Employment and spinal cord injury

At Back Up, we’re here to help people affected by spinal cord injury get the most out of life. That’s why we have services dedicated to work after spinal cord injury.

We spoke to Becky, our Vocation Specialist, to learn some of her top tips and advice around working with a spinal cord injury. Read on to discover what she has learned from her career! 

Can you tell us a bit about your personal experiences with employment after spinal cord injury? 

I’m a HR manager by profession, having worked at BT as a graduate, before taking on numerous roles over a 16 year period.

More recently I worked as a consultant, before setting up my own inclusive tourism business.

I’ve always been passionate about employment of disabled people, now I have my dream job at Back Up where I can help people get the confidence and independence needed to get the most out of life.

Can employment be a big worry for newly injured people? 

Deciding to return to work, change career, study a new subject or try volunteering after a spinal cord injury, is an important decision. It might take time to adjust to your new situation before thinking about work or volunteering. 

Both work and volunteering offer lots of benefits for your mental and physical health. However, we understand that returning to work after spinal cord injury can sometimes feel daunting.

What kind of obstacles will a newly injured person face regarding employment?  

The biggest obstacle can often be a lack of confidence. It can sometimes be hard not knowing what kind of work is possible for you post-injury . This is particularly hard for those who know they cannot return to their pre-injury jobs.   

Otherwise, practicalities can be an obstacle. For example, your workplace may not be accessible to a wheelchair user. This is why it’s important to remember that your employer has a duty to consider putting adaptations in place to suit your needs at work.  

When is the best time to return to work after spinal cord injury? 

This is totally up to when it feels right for the individual. Other things can take priority after spinal cord injury, such as housing and setting up care packages.

Some people may want to get back to work in order to fill their time. For others, financial incentives may be a driver. I’d advise those on benefits to reach out to Aspire’s Welfare and Benefits team too.

If you’d like to talk to someone who may have been in the same boat as you, do feel free to contact our mentoring team. 

What are some of the benefits of returning to work?  

There are a range of benefits to returning to work after spinal cord injury:  

  • Feeling a sense of self-worth/identity 
  • Building connections and socialising  
  • Giving structure and purpose to your time  
  • Physical and mental activity  
  • Money  
  • Learning and developing skills 
  • Meaning to the concept of leisure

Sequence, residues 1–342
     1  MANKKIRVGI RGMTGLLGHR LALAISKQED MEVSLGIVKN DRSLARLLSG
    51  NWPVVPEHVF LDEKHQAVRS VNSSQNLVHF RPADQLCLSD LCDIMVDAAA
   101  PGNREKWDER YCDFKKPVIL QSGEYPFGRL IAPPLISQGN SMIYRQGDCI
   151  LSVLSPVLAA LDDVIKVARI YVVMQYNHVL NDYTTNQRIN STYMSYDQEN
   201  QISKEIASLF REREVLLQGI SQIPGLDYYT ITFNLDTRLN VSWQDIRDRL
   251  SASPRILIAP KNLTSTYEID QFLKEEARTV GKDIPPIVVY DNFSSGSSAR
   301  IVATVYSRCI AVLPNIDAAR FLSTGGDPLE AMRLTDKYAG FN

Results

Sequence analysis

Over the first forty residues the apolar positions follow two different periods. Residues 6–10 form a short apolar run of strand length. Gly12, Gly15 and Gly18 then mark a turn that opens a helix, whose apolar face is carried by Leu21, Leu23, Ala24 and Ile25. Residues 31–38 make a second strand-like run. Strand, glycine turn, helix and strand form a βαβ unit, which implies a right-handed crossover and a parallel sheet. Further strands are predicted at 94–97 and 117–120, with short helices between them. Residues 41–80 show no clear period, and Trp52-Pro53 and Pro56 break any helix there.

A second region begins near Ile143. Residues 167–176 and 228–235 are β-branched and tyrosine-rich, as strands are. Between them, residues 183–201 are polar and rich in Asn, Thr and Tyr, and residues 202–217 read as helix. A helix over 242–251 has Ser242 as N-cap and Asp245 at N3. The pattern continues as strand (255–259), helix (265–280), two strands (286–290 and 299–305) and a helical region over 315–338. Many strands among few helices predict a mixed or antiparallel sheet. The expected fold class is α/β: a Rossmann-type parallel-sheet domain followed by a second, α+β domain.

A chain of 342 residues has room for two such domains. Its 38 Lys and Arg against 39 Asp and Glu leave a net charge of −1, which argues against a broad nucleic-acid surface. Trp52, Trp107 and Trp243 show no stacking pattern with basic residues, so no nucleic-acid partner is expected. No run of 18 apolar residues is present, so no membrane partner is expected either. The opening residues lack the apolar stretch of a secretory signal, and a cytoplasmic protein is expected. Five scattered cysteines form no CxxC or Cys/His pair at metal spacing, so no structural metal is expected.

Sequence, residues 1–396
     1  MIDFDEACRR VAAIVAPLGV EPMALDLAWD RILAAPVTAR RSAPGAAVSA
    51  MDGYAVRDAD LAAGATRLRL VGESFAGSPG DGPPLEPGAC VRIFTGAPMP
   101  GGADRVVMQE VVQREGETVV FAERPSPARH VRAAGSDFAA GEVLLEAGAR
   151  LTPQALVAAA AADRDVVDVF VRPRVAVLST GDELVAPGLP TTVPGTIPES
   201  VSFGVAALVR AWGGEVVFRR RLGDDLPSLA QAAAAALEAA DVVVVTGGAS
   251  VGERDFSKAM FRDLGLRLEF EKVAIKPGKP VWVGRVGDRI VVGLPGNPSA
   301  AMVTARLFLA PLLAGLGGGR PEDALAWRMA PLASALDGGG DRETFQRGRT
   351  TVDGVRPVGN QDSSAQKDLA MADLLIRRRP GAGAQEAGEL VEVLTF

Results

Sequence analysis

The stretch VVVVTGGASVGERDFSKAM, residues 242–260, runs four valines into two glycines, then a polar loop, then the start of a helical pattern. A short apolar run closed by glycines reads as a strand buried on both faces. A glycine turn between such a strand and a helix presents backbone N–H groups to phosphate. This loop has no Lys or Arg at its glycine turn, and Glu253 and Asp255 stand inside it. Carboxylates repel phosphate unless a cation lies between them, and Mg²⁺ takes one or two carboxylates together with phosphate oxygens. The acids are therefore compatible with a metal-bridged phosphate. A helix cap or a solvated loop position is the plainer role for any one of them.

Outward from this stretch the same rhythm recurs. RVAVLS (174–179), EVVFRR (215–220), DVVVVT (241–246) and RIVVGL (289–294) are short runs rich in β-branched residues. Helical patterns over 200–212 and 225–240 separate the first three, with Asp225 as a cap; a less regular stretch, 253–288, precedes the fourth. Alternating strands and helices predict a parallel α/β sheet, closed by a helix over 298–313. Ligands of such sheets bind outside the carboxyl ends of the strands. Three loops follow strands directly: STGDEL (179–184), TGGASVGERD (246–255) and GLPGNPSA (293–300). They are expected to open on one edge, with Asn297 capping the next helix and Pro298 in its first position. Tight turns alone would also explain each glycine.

What are some of the adaptations and support your employer can put in place after your injury? 

These will depend on the level of your disability, your type of work and your employer. However, there are a number of likely adjustments your employer can put in place. These may includes access to the workplace, flexibility in start and working times, as well as the option to work from home.
The goal of adaptations are to create a level playing field, so you can do your job at the best of your abilities. Be sure to talk to your employer or potential employers about what they can do to remove barriers in the workplace.

The government’s Access to Work scheme, can provide you with funding for equipment and support you may need. Learn more about the scheme at their website. 

Do you need to disclose your disability to new/prospective employers?

There is no legal requirement to do so. Disclosing your disability is a personal choice, based on how comfortable you are discussing it. However, if you need adjustments to be put in place for the recruitment process, you will need to request these  during the application stages, so they are put in place for you. Do get in touch with our team if you’d like to discuss disclosing your disability with someone who may have also been in your situation.  

What are your rights as a disabled employee?  

The Equalities Act state that employers are required to ensure that disabled applicants are not treated less favorably than non-disabled employees or applicants. The Act also states that employers should consider reasonable adjustments to both the workplace and the recruitment process, to ensure that disabled individuals can demonstrate their ability to do their job.  

Finally, how can Back Up help you get the confidence needed to thrive in work or volunteering after spinal cord injury?  

We can help with all the questions or concerns people have – and are happy to provide more detail and support regarding the points above. We provide telephone mentoring and online support services, as well as services dedicated to vocation. Check out our Skills for Work course, Careers Fair, and contact our employment team here. Our next Skills for Work course is taking place on 08-10 November. Check out our website to find out more and to register your interest in attending.